Welcome to the Neuroscience for Kids Newsletter.
This issue is available in PDF at:
In this issue:1. What's New at Neuroscience for Kids
A. August Neuroscience for Kids Newsletter was archived
B. Sidewalk Cells http://faculty.washington.edu/chudler/sidecells.html
In August, 12 new figures and 25 pages were modified.
Project Neuron is a web site filled with fun (and educational) lessons, games and activities to learn about neuroscience. Teachers can use curriculum units in the classroom such as lessons about vision, stem cells, circadian rhythms, traumatic brain injury, toxins, and the effects of drugs on the nervous system. Students can get ideas from these lessons to use in science fair projects. There are also plenty of online games to play too. For example, try the brain quiz to test your knowledge about neuroanatomy or build an eye. For a really challenging activity, play the mirror tracing game to see how you can retrain your brain.
The Project Neuron program was developed by Barbara Hug, Donna Korol and
George Resse at the University of Illinois and funded by a Science
Education Partnership Award from the National Center For Research
Resources at the National Institutes of Health.
So I started to look for more neurons embedded into sidewalks and found more. Sure, some people gave me strange looks as I was examining the sidewalk, but I didn't care.
What do you think? Do these cracks look like neurons to you? See:
See the teachers at the workshop at:
Learn more about the Sowing the Seeds of Neuroscience program at:
Submissions must test an idea about the brain, and topics can range from treatments for traumatic brain injury to the effects of television on early childhood brain development. Students should not complete their experiment, only design it, so be creative!
For competition guidelines, please see:
More than 3,600 grants of up to $700 will be awarded in January 2014. The field trips must take place between February and December 2014. The funds can cover field trip-related costs such as transportation, ticket fees, food, resource materials, and supplies.
Education professionals who are at least 18 years old and employed by an accredited K-12 public, private, or charter school in the U.S. that maintains 501(c)(3) or 509(a)(1) tax-exempt status are eligible to apply. Educators, teachers, principals, paraprofessionals, or classified staff at these institutions must be willing to plan and execute a field trip that will provide a demonstrable learning experience for students.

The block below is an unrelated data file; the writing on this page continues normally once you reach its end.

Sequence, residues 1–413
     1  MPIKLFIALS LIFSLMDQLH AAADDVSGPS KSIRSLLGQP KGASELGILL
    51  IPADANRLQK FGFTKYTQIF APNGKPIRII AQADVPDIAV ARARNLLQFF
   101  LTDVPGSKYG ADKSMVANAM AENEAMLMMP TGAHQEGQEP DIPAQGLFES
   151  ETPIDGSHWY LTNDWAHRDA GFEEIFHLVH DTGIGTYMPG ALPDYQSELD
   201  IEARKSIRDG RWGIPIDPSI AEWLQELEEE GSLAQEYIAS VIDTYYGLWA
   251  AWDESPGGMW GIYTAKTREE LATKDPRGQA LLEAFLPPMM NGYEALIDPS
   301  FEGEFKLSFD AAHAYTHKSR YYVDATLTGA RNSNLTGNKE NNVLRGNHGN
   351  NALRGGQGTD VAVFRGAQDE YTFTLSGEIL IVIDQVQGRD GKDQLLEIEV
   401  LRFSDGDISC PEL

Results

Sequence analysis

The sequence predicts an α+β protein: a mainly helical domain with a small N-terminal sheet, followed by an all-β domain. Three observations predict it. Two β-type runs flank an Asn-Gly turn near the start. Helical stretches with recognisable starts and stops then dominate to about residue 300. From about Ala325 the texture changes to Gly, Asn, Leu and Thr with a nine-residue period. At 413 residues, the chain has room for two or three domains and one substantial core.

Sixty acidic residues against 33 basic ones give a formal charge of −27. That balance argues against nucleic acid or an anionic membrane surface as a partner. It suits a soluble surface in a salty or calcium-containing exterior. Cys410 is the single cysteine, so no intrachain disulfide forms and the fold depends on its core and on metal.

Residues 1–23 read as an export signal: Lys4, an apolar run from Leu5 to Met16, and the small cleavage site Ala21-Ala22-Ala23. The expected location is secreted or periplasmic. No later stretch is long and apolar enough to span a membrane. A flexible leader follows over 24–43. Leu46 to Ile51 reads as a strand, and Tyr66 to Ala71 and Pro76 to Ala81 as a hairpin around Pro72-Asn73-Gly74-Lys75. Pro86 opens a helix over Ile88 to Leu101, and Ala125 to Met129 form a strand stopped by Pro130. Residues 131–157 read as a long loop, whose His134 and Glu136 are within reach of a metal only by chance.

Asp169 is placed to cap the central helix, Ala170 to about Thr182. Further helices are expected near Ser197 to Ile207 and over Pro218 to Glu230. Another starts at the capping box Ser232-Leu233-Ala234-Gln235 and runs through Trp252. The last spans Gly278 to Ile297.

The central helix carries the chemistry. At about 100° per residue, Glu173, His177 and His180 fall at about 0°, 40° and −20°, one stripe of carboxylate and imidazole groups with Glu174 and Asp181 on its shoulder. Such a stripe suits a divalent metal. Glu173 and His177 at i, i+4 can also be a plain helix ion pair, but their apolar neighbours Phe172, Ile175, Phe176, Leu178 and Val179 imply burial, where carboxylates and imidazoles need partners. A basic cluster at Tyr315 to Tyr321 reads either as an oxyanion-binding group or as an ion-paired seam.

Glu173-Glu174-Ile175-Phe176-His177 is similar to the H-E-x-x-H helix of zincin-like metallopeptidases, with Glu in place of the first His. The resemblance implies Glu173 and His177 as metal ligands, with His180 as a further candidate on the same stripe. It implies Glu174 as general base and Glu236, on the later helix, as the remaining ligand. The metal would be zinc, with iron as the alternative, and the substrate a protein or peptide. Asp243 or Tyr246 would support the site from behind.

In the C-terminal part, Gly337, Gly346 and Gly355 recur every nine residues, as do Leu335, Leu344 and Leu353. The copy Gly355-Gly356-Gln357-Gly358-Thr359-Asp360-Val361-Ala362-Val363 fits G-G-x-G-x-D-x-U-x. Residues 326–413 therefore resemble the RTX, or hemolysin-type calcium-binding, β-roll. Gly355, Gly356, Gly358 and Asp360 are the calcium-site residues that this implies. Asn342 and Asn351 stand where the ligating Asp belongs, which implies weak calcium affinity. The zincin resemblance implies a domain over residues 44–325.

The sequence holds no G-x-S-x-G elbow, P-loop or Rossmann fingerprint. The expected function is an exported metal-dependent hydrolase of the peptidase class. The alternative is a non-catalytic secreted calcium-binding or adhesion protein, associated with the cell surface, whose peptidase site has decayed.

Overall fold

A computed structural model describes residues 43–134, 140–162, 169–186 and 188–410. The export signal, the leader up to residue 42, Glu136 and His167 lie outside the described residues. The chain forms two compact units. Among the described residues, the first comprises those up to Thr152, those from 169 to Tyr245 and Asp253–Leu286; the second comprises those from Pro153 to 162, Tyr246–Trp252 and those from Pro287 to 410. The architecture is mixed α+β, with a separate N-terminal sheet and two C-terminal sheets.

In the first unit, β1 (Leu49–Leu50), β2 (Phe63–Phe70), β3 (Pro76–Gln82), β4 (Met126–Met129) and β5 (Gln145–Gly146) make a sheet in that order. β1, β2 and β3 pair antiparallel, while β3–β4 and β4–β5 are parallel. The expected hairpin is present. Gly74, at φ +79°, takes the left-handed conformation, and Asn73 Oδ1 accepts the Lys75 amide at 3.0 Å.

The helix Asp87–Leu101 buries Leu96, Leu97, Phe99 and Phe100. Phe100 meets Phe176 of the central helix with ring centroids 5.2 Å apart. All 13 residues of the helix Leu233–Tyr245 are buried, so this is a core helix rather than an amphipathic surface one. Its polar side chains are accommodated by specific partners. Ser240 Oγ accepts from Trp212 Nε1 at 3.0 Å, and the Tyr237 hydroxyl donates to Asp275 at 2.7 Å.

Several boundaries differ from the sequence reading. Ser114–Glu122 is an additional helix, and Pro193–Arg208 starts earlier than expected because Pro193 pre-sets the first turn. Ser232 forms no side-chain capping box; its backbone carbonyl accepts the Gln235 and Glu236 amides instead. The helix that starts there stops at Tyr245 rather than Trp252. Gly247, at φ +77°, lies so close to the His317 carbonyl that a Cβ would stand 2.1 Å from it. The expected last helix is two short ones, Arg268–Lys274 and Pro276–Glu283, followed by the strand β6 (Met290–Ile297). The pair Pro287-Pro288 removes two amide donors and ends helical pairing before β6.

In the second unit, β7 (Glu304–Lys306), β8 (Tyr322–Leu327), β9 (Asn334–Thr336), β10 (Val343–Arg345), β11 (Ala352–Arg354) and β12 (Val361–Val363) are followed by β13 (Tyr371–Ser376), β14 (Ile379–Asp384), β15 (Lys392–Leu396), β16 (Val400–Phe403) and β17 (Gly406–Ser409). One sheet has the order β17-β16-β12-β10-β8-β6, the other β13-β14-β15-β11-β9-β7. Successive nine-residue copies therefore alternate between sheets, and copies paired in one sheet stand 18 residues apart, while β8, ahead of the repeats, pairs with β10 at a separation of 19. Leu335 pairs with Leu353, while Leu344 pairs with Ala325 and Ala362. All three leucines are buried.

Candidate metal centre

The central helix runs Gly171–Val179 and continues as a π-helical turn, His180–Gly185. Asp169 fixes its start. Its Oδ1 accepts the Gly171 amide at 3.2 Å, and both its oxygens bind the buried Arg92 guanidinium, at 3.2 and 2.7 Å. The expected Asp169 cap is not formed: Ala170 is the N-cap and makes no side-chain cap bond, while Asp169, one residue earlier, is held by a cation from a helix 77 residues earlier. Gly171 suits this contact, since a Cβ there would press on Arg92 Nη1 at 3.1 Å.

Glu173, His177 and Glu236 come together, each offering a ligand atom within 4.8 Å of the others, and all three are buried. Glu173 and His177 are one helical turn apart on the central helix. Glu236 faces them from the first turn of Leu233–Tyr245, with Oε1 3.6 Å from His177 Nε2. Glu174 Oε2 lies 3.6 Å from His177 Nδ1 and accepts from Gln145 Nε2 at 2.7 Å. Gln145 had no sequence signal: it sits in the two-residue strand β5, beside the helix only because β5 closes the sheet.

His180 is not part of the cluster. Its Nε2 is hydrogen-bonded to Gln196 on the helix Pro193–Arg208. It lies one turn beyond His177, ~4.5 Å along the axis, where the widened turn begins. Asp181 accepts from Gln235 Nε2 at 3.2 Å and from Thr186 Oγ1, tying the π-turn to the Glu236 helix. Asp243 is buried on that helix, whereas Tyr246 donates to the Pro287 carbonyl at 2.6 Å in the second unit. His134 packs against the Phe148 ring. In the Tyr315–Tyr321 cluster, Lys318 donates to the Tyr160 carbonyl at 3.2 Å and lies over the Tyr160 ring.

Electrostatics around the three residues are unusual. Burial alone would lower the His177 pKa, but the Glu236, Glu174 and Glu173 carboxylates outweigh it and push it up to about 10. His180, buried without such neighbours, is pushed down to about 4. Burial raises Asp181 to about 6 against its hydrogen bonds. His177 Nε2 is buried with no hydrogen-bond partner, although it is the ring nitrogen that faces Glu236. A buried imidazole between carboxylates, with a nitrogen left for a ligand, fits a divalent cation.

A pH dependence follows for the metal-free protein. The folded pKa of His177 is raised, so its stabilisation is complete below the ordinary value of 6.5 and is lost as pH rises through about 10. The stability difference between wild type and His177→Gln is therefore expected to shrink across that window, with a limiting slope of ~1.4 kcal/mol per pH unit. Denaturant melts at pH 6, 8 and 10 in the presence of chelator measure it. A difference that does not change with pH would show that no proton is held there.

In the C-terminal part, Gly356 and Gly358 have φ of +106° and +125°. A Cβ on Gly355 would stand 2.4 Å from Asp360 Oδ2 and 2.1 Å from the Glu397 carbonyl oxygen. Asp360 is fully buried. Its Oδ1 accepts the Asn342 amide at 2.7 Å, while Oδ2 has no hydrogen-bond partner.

For more details and an application form, please visit:
B. "Why Does Food Taste So Delicious" by Michael Moyer and "Is Obesity an Addiction" by Paul J. Kenny (SCIENTIFIC AMERICAN, September, 2013 issue).
C. "These 'Bots are Made for Walking" by Stephen Piazza discusses helping people with movement disabilities relearn skills and "The Evolution of Eyeglasses" by Henry Petroski; both articles in AMERICAN SCIENTIST, September-October, 2013).
D. "The Insane and Exciting Future of the Bionic Body" by Geoff Brumfiel (SMITHSONIAN magazine, September. 2013).
E. "'Plasticity Pill' Could Rewire Brain to Treat Autism and
Schizophrenia" by Kenneth Miller (DISCOVER magazine, October, 2013).
B. American singer Linda Ronstadt announced last month that she has Parkinson's disease.
C. In 1596, Sir Walter Raleigh mentioned arrow poison in his book titled "Discovery of the Large, Rich and Beautiful Empire of Guiana."
D. Constanzo Varolio named the part of the brain known as the pons in 1573.
E. Oligodendroglia are cells that provide insulation (myelin) to neurons
in the central nervous system. Schwann cells provide insulation (myelin)
to neurons in the peripheral nervous system.
Help Neuroscience for Kids
Your comments and suggestions about this newsletter and the "Neuroscience for Kids" web site are always welcome. If there are any special topics that you would like to see on the web site, just let me know.
Eric H. Chudler, Ph.D.